Crisis in Mali: fundamentalism, women’s rights and cultural resistance

Published on Pambazuka News, by Jessica Horn, April 19, 2012.

In conversation with Jessica Horn, a leading Malian women’s rights activist (name supplied but withheld on request) identifies the roots of the crisis in Mali, and the opportunistic use of the crisis by Malian and international Islamic fundamentalists to gain a popular foothold in the north of the country.

JESSICA HORN: Were there any early warnings that this crisis would emerge?  

  • INTERVIEWEE: This is one of the deepest crisis [10] that this country has faced since colonial times. We have been through the 1968 military coup against President Modibo Keïta, we went through the popular revolutions in the early 1990s, but it has never gotten to this level of instability. The military group that led the coup is from Kati, a military garrison town outside of the capital Bamako which had been used historically as a base for troops from all over West Africa.
  • At the end of January 2012, a group of women who were wives of soldiers from Kati had held a march and threatened to go to the Palais de Koulouba (presidential palace) in Bamako. These women felt that they needed more information about the government’s response to what had happened to their husbands who had been sent by the government to fight the Tuareg rebellion in the north of Mali. There had been a lot of rumour that the Malian military did not have enough arms to fight the Tuareg rebels. The women had also heard that there were many cases of torture and ill treatment of Malian soldiers by the Tuareg rebels, and had also heard rumours that the Malian government was engaged in heavy negotiation with the rebels and not, for example, ordering troops to shoot at the rebels. They felt that their husbands had been sent to the north of Mali to die.
  • We have to remember that the Tuareg rebels had been supported by Gaddafi in Libya, who had both integrated some of these rebels in his army and was also known to have been assisting with the rebellion in the north of Mali. After the fall of Gaddafi, these rebels returned to Mali heavily armed, and in fact some say better armed than the Malian army itself.
  • As part of rising anger against what was happening in the north, there had also been attacks on innocent people from northern Mali living in Bamako. The government stepped in to protect the northerners, which again made it appear to everyday people like the government was on the side of the northern rebels.
  • In terms of the humanitarian situation, the roots of a crisis are already there. People had started to flee the north from the start of the year, with people internally displaced as well as crossing borders in to countries such as Burkina Faso. At the start of the year we also had a drought and we could see that were going to face a food crisis. An early sign we saw was many parents in rural areas pulling their children out of school and sending them to the cities to try and earn money to buy food.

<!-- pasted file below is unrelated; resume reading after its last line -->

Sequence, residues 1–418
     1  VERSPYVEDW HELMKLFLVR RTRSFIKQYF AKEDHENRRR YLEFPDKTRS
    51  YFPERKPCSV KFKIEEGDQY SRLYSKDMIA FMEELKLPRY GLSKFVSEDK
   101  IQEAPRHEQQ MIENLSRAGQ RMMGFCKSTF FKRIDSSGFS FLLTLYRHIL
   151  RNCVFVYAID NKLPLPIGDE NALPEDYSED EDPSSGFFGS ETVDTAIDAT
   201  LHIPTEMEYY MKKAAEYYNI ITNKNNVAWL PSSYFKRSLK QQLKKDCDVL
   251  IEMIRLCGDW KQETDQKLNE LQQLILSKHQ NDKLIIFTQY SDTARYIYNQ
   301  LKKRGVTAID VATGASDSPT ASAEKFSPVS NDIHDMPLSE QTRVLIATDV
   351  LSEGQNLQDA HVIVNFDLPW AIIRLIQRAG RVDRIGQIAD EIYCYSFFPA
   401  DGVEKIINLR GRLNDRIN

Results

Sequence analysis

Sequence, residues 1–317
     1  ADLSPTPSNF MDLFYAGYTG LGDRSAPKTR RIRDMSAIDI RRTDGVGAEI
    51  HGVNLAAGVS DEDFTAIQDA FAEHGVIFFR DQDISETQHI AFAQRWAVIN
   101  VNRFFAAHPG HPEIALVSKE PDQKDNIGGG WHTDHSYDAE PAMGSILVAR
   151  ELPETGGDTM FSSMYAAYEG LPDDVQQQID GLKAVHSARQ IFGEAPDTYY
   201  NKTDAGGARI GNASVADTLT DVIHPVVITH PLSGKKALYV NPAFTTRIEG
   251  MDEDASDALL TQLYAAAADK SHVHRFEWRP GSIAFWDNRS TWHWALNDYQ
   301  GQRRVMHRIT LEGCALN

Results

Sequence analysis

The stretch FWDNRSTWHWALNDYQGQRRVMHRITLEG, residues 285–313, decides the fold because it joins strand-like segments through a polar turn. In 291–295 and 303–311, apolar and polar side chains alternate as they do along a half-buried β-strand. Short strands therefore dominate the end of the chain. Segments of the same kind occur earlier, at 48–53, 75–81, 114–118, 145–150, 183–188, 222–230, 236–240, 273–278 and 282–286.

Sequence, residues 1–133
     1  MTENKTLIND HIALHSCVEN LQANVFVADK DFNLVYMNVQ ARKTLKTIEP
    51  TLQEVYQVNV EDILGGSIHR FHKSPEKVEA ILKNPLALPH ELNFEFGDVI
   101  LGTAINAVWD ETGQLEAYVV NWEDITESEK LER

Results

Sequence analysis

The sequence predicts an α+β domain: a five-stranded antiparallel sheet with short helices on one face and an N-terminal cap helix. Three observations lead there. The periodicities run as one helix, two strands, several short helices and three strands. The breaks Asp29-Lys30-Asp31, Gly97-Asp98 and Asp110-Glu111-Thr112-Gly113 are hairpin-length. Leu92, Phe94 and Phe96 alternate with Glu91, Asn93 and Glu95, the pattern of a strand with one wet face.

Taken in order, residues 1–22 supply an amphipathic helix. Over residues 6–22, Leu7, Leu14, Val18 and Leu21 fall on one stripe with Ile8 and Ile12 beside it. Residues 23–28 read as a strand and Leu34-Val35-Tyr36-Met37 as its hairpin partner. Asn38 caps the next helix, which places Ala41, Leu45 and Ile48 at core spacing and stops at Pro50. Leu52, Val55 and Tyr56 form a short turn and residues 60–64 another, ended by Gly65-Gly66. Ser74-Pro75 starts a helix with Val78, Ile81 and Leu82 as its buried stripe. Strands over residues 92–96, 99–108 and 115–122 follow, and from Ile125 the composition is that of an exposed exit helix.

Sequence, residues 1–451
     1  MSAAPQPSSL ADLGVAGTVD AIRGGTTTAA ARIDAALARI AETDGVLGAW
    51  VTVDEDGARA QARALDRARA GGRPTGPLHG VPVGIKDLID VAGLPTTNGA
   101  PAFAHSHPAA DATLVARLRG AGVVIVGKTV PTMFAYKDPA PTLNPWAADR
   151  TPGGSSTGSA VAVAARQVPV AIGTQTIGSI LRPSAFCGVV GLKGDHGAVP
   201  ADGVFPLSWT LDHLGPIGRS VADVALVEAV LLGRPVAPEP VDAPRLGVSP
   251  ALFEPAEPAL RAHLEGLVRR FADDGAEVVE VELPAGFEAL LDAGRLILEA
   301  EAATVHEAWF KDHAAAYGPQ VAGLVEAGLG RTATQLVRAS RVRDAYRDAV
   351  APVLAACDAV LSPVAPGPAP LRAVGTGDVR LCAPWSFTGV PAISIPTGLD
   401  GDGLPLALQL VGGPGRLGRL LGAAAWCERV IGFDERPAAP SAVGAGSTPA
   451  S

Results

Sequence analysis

JESSICA HORN: Who is leading the current armed rebellion in the north? … //

… JESSICA HORN: What do you see as priorities for action?

  • INTERVIEWEE: First and foremost we have to pay as much attention to the concerns of ordinary people as we do to issues such as elections. Any decision that is taken by political leaders, ECOWAS, the African Union or the international community needs to be aware of who is paying what price for every intervention that they consider. There is urgent work to do in order to support women on the ground. We have to identify and respond to the everyday needs of women who have been displaced, to ensure they feel safe and supported, but also not belittled by humanitarian intervention.
  • As a Malian I can also say that there is serious and deep work that we must do as civil society to affirm people in their identity as Malian, which has always been a very vibrant and extremely tolerant culture. The Muslim fundamentalists are already trying to erode this. They work at the level of culture, and have started to try and change our culture as a way of gaining power. This is longer-term work for us as civil society and it has to start now. We have to make it clear that secularism is vital, and that as Malians living in peace with our neighbours regardless of their religion or ethnicity is our way of life. It includes not judging and forcing people to do or to be what we think is right. In Bamanan (Bambara) culture and language in Mali there is a strong embrace of the concept of ‘maya’- the fact that what makes us human is our relationship and responsibility to our fellow human beings. We take this for granted as Malians, and then the fundamentalists come and start to unravel those principles very quickly. We know that fundamentalists groups work through fear and guilt. As soon as they attack a women’s hairdresser for example, of course other hairdressers will be afraid to open their shops. We know from experience in other countries how Muslim fundamentalists take over. And we can and we have to make it more difficult for them to take over.

(full interview text).

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